Archive for the ‘Readings’ Category

Chapter 15 notes

Earning a Seat at the Table: Defining The Professional Communicator‟s Role Former U.S.

Secretary of State Henry Kissinger – who knew a thing or two about bureaucratic infighting — observed that leaders listen to advisors whose views they think they need, not those who insist on a hearing because of the organizational chart.

the marginalization typically is grounded in how the communication function – and hence the leaders of that function – are defined.  These include:

  • Being cast as an implementor: the head of communication is seen as a doer rather than as a leader.
  • Being cast as a tactician: whether the head of communication is implementing or managing the function, communication is seen as solely as a tool or tactic, and not as part of the strategic focus of the enterprise.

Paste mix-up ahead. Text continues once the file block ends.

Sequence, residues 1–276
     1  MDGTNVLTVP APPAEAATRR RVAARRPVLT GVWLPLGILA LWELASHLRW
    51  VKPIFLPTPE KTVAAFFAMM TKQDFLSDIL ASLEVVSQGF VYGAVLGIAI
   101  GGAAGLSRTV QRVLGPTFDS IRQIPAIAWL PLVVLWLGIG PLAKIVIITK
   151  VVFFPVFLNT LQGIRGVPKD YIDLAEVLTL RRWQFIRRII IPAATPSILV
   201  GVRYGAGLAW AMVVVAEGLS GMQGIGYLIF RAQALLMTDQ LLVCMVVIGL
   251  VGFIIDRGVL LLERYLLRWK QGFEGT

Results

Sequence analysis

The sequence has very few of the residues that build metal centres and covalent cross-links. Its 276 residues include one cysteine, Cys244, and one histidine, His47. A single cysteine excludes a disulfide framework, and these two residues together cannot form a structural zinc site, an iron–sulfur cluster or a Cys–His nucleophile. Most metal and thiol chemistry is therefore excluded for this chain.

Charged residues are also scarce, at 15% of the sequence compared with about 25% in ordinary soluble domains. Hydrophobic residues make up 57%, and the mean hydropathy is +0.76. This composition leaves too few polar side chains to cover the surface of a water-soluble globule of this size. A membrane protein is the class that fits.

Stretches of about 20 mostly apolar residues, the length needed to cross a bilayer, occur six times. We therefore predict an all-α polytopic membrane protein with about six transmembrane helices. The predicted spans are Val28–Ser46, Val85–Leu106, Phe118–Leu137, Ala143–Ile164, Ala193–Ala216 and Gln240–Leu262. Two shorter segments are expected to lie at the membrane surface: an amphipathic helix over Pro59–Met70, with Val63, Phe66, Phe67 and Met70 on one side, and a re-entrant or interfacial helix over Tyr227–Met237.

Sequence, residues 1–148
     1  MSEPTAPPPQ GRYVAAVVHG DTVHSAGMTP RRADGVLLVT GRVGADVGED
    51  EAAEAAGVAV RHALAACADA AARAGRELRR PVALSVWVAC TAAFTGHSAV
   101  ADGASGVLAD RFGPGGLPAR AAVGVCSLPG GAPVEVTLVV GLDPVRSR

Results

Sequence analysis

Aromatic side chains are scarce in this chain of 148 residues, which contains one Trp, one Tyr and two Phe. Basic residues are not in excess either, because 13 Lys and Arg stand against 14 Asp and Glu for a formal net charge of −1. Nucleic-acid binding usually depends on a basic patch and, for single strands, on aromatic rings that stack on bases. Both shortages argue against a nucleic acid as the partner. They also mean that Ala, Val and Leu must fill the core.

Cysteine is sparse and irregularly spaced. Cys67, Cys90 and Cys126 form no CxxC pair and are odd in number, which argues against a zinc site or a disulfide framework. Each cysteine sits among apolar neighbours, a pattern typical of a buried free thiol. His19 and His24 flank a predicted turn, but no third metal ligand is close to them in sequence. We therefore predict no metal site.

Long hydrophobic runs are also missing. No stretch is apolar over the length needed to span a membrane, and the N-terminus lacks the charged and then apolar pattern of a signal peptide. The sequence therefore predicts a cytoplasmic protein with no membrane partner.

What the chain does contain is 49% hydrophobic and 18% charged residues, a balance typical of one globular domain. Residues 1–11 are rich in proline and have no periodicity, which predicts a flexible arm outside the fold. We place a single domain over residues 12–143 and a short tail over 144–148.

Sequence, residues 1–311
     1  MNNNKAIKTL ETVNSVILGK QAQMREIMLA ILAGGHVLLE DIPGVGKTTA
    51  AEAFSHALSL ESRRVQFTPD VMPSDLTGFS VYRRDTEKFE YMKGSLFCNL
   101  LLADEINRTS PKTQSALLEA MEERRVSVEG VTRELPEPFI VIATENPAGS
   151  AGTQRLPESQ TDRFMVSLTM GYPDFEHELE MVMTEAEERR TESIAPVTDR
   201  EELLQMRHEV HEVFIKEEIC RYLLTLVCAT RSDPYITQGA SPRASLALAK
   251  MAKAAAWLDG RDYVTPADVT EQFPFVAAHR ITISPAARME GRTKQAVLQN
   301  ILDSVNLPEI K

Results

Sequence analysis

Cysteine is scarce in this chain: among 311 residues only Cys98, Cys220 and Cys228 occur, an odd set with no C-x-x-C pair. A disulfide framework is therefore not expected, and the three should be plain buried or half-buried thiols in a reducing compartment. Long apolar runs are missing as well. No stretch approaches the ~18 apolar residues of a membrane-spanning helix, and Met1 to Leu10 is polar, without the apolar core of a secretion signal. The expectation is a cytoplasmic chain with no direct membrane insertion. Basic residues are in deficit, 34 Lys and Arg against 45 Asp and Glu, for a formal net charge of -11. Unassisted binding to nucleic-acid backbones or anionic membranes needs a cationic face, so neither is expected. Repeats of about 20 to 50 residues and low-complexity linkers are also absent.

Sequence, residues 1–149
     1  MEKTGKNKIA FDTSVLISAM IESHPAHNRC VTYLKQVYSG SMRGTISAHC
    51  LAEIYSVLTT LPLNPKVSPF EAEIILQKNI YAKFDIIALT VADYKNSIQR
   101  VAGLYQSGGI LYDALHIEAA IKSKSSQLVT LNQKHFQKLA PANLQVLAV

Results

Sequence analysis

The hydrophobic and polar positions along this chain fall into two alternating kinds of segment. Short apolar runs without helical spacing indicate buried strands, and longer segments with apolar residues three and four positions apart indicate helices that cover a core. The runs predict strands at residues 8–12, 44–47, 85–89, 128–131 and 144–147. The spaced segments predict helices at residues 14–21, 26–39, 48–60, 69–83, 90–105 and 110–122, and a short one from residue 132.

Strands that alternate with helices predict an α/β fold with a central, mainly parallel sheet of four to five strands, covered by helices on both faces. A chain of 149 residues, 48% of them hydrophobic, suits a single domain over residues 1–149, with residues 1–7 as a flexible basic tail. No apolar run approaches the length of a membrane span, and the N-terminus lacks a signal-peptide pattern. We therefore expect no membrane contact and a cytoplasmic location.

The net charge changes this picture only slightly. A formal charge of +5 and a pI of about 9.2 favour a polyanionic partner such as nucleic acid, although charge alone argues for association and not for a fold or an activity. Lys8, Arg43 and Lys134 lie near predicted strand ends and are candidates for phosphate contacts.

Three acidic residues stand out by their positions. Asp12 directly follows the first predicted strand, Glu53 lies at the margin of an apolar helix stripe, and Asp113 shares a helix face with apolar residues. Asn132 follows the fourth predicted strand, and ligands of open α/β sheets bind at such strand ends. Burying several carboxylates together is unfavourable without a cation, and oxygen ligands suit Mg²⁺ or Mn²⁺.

• Being cast as part of a functional area: the head of communication is seen as a writer, or as a media person, or as a technology person, and not as having enterprise-wide standing to offer advice beyond the narrow functional area

Source: Reputation Management


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Chapter 14 notes

– Public relations consultants work in firms that offer communication advice and services to clients – for a fee. Consultants must balance the interests of clients, employees and the firm‟s owners.

– This “triple squeeze” creates unique challenges for managers and adds an extra dimension of reward – and stress – to what is already a challenging profession.

Dr. Gitlow describes Deming‟s theory of management as based on four  paradigms:

1. People are most effectively motivated and inspired by a mix of intrinsic and extrinsic rewards.  Intrinsic motivation comes from the sheer joy of performing an act, and releases human energy that can be focused into improvement and innovation of a system.

2. Manage using both a process and results orientation, not only a results orientation. Management’s job is to improve and innovate the processes that create results, not just to demand results